Making Technology Accessible for People with Disabilities: A Guide to Standards and Advocacy Organizations

Published December 3, 2014

By Communications Team

Accessibility standards are driving some of the most profound changes in content and software at McGraw-Hill.

December 3rd is the International Day of Persons With Disabilities (IDPwD) - a United Nations-sponsored day to promote understanding, well-being, and rights for the over 1 billion people worldwide who are living with life-impacting physical and mental impairments. This year's IDPwD theme is Sustainable Development: The Promise of Technology.

For decades now technology has played a key role in making education and learning opportunities accessible and inclusive for people with permanent and temporary disabilities. Accessibility issues play an increasingly important role in how we approach learning system and content development at McGraw-Hill, for example:

  • We’re embedding accessibility into every part of the Agile development practice: from business analysis to information architecture to visual design to development to QA and beyond.
  • We’re making accessibility concerns part of our continuous improvement process.
  • Since we’re in international organization, we’ve aligned ourselves with the world-wide WCAG 2.0 guidelines.

Below are some of the leading standards and organizations that are dedicated to ensuring that technology is equally accessible to all individuals - regardless of physical or mental conditions or impairments.

U.S. Government Section 508 Compliance
Section 508 compliance is regulated by the Information Technology Services Council (ITSC) of the U.S. General Services Administration (GSA). IT vendors who contract with federally funded agencies or receive federal funding are required to complete Voluntary Product Accessibility Templates (VPATs) that describe the accessibility features of their products and/or services in detail.

"Section 508 compliant" refers to technologies and systems that meet the Standards for Electronic and Information Technology that have been defined in accordance with the United States Workforce Rehabilitation Act of 1973. Put simply, the goal of Section 508 is to ensure that technology licensed by the U.S. government can be used the same by people with and without visual, auditory, speech, and other physical impairments. Put in practice, this means including features like text-to-speech capability, adjustable text size and color, closed captioning, and duplicate keyboard/mouse functionality in any technology applications and related media.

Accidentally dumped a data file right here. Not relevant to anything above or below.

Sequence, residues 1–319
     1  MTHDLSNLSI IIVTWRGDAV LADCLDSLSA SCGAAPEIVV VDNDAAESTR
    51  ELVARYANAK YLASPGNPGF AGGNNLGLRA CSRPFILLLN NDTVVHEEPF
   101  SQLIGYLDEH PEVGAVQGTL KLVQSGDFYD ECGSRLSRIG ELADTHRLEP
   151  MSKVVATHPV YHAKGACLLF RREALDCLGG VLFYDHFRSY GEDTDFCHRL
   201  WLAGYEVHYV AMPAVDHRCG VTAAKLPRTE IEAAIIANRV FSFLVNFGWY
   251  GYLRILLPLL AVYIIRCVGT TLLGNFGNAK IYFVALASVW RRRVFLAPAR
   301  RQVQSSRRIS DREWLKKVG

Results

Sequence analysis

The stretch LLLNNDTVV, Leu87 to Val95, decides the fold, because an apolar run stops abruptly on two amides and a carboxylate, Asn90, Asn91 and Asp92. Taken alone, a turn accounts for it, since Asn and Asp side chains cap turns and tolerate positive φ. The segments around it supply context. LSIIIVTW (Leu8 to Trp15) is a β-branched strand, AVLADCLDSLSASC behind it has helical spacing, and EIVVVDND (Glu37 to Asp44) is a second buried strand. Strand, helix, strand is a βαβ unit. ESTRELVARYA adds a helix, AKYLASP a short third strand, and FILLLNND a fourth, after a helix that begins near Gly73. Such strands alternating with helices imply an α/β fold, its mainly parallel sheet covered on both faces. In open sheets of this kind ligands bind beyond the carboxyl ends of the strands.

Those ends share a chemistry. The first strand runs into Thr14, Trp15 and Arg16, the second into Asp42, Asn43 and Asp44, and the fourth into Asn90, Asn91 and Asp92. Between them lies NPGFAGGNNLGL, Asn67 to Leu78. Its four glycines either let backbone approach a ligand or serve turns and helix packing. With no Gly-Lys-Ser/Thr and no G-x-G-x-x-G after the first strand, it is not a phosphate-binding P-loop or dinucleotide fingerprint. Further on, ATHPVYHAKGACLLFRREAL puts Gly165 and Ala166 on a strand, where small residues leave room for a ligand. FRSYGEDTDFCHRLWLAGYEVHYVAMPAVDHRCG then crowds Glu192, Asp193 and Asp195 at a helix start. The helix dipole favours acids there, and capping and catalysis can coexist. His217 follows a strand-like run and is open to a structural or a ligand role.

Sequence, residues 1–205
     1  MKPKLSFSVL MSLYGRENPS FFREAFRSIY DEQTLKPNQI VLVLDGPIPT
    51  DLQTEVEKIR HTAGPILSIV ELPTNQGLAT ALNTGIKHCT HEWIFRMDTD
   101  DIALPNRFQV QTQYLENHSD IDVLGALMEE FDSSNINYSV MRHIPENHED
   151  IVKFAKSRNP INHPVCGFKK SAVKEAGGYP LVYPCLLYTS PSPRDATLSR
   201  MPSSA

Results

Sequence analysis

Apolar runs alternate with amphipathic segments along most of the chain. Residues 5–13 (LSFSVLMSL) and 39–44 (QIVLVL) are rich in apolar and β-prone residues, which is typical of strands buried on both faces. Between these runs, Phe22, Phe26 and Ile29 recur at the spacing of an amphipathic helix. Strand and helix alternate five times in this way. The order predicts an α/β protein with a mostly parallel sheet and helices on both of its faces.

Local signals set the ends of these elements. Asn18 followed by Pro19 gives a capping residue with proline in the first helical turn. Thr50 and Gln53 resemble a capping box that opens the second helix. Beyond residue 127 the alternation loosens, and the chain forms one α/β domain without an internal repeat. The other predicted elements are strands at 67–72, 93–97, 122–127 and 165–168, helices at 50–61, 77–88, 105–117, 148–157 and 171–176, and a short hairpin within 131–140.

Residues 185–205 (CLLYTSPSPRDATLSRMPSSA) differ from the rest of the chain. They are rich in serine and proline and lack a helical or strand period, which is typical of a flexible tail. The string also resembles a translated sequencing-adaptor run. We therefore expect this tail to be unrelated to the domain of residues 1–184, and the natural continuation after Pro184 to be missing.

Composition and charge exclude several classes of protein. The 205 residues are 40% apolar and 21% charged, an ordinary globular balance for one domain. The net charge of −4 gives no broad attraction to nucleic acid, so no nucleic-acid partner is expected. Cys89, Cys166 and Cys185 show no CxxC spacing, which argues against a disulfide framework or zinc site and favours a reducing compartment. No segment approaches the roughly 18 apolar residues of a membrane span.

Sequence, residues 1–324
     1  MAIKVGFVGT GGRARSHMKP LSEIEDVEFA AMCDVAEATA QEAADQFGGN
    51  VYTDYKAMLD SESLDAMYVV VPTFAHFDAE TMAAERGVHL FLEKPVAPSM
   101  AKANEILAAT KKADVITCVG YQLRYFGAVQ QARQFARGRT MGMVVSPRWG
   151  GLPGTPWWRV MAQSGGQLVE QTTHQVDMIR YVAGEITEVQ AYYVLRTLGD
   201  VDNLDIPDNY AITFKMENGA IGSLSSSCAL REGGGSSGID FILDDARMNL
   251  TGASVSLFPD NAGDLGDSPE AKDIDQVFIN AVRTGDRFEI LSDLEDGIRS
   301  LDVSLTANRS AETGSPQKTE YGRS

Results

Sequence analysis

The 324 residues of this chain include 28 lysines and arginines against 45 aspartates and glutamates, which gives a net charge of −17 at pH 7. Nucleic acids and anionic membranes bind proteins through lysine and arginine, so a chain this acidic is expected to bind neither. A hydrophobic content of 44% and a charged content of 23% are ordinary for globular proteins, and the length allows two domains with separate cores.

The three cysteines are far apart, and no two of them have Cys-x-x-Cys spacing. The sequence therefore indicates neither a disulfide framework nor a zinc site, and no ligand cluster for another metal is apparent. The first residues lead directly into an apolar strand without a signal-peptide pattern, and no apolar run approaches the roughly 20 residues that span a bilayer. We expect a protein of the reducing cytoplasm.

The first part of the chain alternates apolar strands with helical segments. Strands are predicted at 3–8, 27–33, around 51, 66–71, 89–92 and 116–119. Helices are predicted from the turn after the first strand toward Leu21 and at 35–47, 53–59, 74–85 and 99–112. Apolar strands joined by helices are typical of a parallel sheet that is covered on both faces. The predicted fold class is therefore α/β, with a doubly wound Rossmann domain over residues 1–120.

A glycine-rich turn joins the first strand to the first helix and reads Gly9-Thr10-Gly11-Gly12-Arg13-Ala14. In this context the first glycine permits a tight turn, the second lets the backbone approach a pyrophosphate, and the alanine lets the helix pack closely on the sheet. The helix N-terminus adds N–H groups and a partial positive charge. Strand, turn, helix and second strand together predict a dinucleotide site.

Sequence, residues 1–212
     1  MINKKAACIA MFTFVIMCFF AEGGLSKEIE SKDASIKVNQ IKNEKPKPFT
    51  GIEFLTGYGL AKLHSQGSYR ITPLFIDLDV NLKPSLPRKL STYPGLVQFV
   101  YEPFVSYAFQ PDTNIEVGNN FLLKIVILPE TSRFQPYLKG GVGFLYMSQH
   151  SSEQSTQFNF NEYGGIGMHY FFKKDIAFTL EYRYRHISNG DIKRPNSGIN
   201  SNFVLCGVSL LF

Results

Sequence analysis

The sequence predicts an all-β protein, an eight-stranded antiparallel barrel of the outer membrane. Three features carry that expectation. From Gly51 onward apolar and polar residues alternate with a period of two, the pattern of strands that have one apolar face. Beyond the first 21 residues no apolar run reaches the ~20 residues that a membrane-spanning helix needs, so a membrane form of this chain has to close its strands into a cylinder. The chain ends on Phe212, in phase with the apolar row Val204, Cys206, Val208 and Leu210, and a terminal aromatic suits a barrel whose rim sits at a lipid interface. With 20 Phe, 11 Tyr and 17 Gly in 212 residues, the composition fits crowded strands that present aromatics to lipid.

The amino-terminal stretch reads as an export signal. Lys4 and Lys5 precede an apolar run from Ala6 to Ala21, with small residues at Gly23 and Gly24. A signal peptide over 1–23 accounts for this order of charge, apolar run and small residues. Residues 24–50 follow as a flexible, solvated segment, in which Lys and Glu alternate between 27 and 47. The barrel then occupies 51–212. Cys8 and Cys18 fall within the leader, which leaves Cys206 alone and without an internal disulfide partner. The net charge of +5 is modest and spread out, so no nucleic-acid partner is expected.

Web Accessibility Initiative (WAI)
Led by the World Wide Web Consortium (W3C), the Web Accessibility Initiative (WAI) seeks to make all public content equally accessible to those with and without physical impairments. In addition to influencing domestic and international web accessibility policies, another dimension of WAI activity is to improve the flexibility and utility of Web content to make it accessible and useful for people affected by temporary physical disabilities - such as having a broken arm. The Web Content Accessibility Guidelines 2.0 explains the latest requirements, techniques, and features that are recommended by the W3C to make Web technology accessible for all.

Advocacy Organizations & Groups Promoting Technology Accessibility
With over one billion people living with disabilities worldwide, there are many organizations and advocacy groups that have been formed to help ensure equitable access to technology - among other issues affecting the workplace and educational institutions. Below are some of the most recognized organizations promoting technology accessibility and research on best practices for those living with physical impairments:

  • Coalition of Organizations for Accessible Technology (COAT): An online community of people and organizations who support global technology accessibility. COAT maintains a comprehensive list of organizations promoting technology accessibility at the federal, state, and local level.
  • Assistive Technology Industry Association (ATIA): A coalition of manufacturers and distributors of assistive technologies and services. ATIA is dedicated to ensuring that all people with disabilities have access to the most helpful and effective learning and assistive technologies.
  • Americans with Disabilities Act (ADA) National Network: The largest community of disabled persons and advocacy organizations in the United States. ADA offers technology resources that focus on ensuring equitable access and functionality in learning and assistive technologies made available to those living with handicaps.
  • National Association of the Deaf (NAD): The largest U.S. based advocacy organization for the deaf and those with hearing impairments. The NAD focuses heavily on accessibility issues related to closed captioning in technology systems.
  • American Occupational Therapy Association (AOTA): The ATOA's efforts focus on promoting occupational therapy services and organizations that help ensure that all disabled persons in the workplace are afforded the same capabilities, opportunities, and access to technology as those who do not have impairments. AOTA's work also helps support the research and development of assistive technologies to help compensate for physical impairments.
  • American Foundation for the Blind (AFB): The AFB's technology services group conducts audits and produces resources to help ensure that visually impaired persons can effectively use and access and technology systems and services. The AFB also helps connect handicapped individuals with products and companies that make specific accommodations for the visually impaired.